Women on the Frontlines

 

In late May, IPJ Deputy Director Dee Aker and Program Officer Jennifer Freeman were in the Philippines for the second Women PeaceMakers Asia Regional Network summit. The 10-day gathering coincided with the international launch of the first All-Women Contingent in the International Monitoring Team, which monitors the cease-fire in Mindanao between the army and Moro Islamic Liberation Front (MILF). The women peacekeeping force is organized by the Mindanao Peoples Caucus, headed by IPJ Woman PeaceMaker Mary Ann Arnado.

 

“Rose’s Pharmacy”

“One Love Bakery – always fresh!”

Boses Ng Barkada: Unlimited Calls and Texts p25 Only!”

Children in the Pagatin community of Mindanao

Large colorful billboards whizzed by in a blur amidst the lively streets and encroaching emerald backdrop of thick palm fronds and broad banana leaves. The main roads snaking through the mountains and valleys of Mindanao presented a typical Filipino scene: tropical island villages bustling with the eclectic daily weave of the intricate social fabric that holds communities together.

 

But as our car slowed entering the small community of Pagatin, the early morning light exposed Mindanao’s worn, war-torn edges. The concrete shells of homes stood jagged, tarps strung between rebar providing threadbare patches of shade. The charred remnants of window frames attested to the buildings’ fire-ravaged past – as did the voices of the families forced to flee. Our team of Asian Women PeaceMakers (WPM) Thavory Huot and Bae Liza Saway, local hosts from the Mindanao People’s Caucus (MPC) and IPJ staff members Dee Aker and I sat under morning light slanting through the tarps and listened to their stories.

 

WPM Bae Liza Saway (right) listening to stories from the women of Pagatin

Thirty-five women from Pagatin had gathered to share their experiences of displacement and return. They began with stories of loss – of loved ones, their homes and their dignity. But mingled in the loss were examples of strength, unity and resilience. Counted among their greatest successes was filing an official complaint to the ombudsperson charging the Philippine Army with the razing of their village during the 2008 war. But ongoing challenges remained: How to leverage meager economic assistance to pay the coming year’s school fees? How to find justice and hope for a widow still grieving the murder of her husband and the destitution that she and her children now suffer without his wages?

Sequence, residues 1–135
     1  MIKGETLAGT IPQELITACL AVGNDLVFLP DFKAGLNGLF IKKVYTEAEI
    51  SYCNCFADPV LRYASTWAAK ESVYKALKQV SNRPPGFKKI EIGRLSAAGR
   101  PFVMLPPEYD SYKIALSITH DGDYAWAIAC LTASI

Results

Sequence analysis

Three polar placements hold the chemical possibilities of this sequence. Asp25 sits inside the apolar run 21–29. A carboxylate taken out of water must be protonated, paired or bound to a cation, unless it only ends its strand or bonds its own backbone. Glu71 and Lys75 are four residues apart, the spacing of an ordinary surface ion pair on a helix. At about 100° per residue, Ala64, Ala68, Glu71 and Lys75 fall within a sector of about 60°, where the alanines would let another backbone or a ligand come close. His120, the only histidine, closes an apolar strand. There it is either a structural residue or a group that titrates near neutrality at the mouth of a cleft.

For the Women PeaceMakers these stories echo with the familiarity of loss, recovery and resilience experienced by war-affected communities throughout Asia. Speaking with compassion and conviction, WPM Thavory Huot from Cambodia told the Pagatin women how women survivors of her country’s genocide began sewing pillows from spare scraps of cloth to sell at the market – and eventually lobbied the U.N. to sell them as a fundraising project for 10 times the profit. Her stories of community-led innovation and entrepreneurship created a fervor of ideas and inspiration in the small gathering of displaced women.

 

The power of exchanging experiences and successful strategies was demonstrated throughout the 10-day summit of the Women PeaceMakers Asia Regional Network. Women PeaceMakers shared their experiences with indigenous community members, Philippine Army commanders, civilian peacekeepers, representatives of the Presidential Advisor to the Peace Process and the International Monitoring Team. But one of the most profound exchanges was after the international launch of the all-women’s cease-fire monitoring unit (see previous blog post). Our WPM team, including WPM Milet Mendoza and Mary Ann Arnado, helped celebrate the launch in Manila and listened as local Christian, Muslim and Indigenous women – proudly united by lilac polo shirts emblazoned with the Mindanao Peoples Caucus logo and “CPC Women” – told courageous stories of facing family protests and overcoming their own fears to document and publicize cease-fire violations by the army, MILF or local armed groups.

 

For stakeholders in Mindanao, the four international Women PeaceMakers alumnae, Dee and I, opportunities for learning and partnership were built in Manila and Mindanao throughout the 10-day summit. Bilateral partnerships, strategies to reduce violence and promote justice and reconciliation, and models for inspiration and replication filled every conversation. The Women PeaceMakers returned home tired but energized by the new peacebuilding tools they had both collected and imparted to help address the many challenges still facing their region.

 

The next Women PeaceMakers Asia Regional Network summit is being planned for December 2011.

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